The Advocate General has issued an opinion in Case C-40/17 relating to the use of a Facebook “like” button placed on the website of Fashion ID. The opinion sets out who is responsible for the sharing and processing of data.
The Court of Justice of the European Union found that when a website features a Facebook “Like” button which passes information to Facebook (usually the IP address and browser settings) the website owner is a joint controller for the use of the button on their website, although Facebook is responsible for the actual processing that happens on their platform (meaning the website cannot be responsible for this aspect).
During the case it was observed that personal data is passed to Facebook when the button is on the site regardless of whether or not a website visitor clicks the “Like” button or is a Facebook user. Furthermore, the use of the button on the website, means that Fashion ID are able to better target its advertising on Facebook.
What does this mean in practice?
Essentially this ruling implies that where you may be using a third-party plugin on your website that sends personal data to a third-party provider (e.g. a social media network) you should consider yourself the data controller for the initial collection of the data and the passing of that data to the third-party. This in turn means it is up to you to determine the lawful basis for processing the website visitor data and if you determine the lawful basis to be consent, then you will need to make sure you seek that consent in a GDPR compliant and if you are relying on legitimate interest then you will need to ensure your interest doesn’t not outweigh the right of the website visitors.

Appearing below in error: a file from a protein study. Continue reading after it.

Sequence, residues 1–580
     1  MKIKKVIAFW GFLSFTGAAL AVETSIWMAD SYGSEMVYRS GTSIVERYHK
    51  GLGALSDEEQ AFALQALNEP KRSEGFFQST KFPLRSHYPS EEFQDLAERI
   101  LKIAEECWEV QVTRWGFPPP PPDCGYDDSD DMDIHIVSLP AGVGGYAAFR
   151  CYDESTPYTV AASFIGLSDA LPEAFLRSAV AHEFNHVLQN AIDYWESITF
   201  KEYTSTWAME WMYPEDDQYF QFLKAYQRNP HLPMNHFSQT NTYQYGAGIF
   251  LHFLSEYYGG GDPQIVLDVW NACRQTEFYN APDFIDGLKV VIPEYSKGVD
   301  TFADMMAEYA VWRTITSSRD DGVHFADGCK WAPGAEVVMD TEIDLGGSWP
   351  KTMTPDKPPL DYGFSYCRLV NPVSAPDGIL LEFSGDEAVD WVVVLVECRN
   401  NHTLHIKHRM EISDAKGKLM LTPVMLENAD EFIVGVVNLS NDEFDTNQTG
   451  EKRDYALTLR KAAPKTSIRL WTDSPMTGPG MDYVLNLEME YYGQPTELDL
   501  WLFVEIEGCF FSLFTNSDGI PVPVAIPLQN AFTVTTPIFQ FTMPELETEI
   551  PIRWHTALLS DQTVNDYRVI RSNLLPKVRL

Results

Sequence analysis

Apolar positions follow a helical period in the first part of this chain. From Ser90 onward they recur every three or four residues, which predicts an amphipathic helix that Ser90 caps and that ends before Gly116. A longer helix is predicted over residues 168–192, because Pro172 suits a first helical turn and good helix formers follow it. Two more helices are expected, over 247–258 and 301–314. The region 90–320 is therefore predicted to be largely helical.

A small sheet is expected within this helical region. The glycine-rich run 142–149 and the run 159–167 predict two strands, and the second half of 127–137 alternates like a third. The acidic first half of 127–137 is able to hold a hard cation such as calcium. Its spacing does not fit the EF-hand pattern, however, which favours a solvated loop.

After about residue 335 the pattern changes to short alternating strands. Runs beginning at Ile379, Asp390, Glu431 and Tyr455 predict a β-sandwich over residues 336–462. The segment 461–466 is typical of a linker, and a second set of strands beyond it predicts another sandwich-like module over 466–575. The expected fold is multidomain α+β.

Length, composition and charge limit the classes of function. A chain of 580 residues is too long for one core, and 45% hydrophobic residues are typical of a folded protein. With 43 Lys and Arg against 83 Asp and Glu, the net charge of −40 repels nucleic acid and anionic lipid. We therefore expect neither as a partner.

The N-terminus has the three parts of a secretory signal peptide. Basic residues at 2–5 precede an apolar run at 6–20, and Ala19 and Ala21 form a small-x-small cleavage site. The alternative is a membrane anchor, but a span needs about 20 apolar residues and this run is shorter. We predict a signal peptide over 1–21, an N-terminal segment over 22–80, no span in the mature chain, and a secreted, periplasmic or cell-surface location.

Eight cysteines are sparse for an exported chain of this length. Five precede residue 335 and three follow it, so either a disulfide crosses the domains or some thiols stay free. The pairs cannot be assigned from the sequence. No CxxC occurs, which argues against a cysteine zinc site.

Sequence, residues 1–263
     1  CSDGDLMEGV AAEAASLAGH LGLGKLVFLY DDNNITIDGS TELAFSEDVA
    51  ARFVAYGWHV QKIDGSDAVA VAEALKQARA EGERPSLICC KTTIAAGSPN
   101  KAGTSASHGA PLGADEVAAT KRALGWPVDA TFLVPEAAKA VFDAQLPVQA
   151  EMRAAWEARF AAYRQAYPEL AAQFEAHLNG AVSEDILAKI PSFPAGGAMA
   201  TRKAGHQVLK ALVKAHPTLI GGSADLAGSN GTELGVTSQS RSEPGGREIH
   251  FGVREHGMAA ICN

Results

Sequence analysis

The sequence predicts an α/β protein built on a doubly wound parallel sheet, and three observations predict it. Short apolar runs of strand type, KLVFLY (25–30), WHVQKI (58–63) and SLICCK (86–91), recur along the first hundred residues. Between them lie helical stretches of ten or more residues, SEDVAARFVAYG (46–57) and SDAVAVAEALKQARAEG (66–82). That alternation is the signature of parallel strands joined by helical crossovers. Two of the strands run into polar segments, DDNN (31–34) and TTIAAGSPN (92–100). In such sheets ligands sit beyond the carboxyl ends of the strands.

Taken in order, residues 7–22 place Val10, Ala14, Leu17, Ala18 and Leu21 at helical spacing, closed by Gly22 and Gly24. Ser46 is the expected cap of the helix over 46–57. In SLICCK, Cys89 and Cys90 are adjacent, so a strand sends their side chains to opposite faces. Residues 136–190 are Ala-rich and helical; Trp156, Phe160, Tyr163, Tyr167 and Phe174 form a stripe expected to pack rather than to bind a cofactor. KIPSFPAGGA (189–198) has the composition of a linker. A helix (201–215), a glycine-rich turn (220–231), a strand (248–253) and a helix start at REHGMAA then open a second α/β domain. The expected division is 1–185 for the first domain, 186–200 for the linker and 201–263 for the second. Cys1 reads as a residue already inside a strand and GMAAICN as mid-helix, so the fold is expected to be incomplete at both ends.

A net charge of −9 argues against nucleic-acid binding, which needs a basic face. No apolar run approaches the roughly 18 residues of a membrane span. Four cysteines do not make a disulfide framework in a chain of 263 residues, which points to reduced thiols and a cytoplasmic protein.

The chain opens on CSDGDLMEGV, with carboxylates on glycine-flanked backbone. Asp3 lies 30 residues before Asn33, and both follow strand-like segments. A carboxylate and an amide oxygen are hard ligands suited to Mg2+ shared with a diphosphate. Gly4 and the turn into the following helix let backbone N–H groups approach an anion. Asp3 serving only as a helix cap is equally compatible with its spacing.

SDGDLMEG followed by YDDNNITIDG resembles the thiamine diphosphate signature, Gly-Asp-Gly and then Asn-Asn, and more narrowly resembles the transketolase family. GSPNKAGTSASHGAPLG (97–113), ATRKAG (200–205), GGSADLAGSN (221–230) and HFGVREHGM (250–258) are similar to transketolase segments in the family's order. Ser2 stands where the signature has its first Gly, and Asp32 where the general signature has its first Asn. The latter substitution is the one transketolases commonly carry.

Wider implications for websites
It’s difficult to not think about the wider connotations of this ruling with regards to any third-party plugins you may be using on your website and what data is being passed to any third-parties and whether or not your need consent or rely on legitimate interest as your lawful basis for processing…
Further information and guidance on the implications of this ruling, is available for Hub subscribers, within the Website compliance section of the Digital Compliance Hub. Not a member? No worries, contact us for a free trial.
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